First broadcast: [Thu 23rd Aug 1979, 21:15] (actually the second time it was broadcast)(Schedule - BBC Programme Index) on BBC Two England

Tonight’s Spaghetti Western stars Clint Eastwood, Lee Van Cleef, Eli Wallach

ALSO: Here’s the information for the first ‘GBU’ broadcast, Easter Monday, 1976…

Monday Film: The Good, the Bad and the Ugly
](Broadcast - BBC Programme Index)

First broadcast: [Mon 19th Apr 1976, 21:30](Schedule - BBC Programme Index) on BBC One London

Starring Clint Eastwood, Lee Van Cleef, Eli Wallach

During the American Civil War, three men - Joe, a mysterious American; Tuco, a Mexican gunman; and Setenza, a savage, sadistic killer - are searching for a cashbox containing $200,000. Setenza leaves a trail of death in his wake as he seeks the prize but it is Joe and Tuco who first learn the whereabouts of the money.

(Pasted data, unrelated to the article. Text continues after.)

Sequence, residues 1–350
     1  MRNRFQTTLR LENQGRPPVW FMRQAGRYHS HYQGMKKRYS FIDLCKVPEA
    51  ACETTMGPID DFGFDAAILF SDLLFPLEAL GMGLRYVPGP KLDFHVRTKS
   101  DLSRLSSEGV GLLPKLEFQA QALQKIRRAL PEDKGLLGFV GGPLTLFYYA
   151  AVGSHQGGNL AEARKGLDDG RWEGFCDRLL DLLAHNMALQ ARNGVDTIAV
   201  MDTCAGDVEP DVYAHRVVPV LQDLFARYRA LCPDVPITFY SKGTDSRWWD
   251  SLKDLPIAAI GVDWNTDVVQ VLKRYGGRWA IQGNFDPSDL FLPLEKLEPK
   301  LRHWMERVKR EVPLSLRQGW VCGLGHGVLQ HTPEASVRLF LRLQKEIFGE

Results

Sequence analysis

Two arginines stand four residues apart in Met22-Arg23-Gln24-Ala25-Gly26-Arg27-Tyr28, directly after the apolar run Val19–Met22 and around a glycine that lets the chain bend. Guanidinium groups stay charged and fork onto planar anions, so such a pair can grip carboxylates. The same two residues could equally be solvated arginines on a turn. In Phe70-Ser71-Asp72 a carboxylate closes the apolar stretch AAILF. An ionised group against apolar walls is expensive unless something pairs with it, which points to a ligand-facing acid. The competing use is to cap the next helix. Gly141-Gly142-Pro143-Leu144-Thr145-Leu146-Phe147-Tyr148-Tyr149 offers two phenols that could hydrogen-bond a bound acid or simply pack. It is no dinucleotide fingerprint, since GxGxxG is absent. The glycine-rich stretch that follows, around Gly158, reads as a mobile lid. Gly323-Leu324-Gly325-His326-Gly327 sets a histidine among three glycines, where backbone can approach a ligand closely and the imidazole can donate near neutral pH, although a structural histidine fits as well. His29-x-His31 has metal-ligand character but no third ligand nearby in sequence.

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Thanks a million for all the detailed info … it was only 44 years ago, so forgive me if I get a bit confused.

I do remember clearly the two ‘Trinity’ films, which then at the tender age of 13, I really enjoyed - I don’t know if they were ever repeated on British TV, or ‘Sabata’ for that matter.

Perhaps this was the first complete time I got to see GBU, because the earlier screening in 1976 was interrupted by power cuts.

As you say, Good Times … but the BBC must have thought these films too low brow to show again as a season.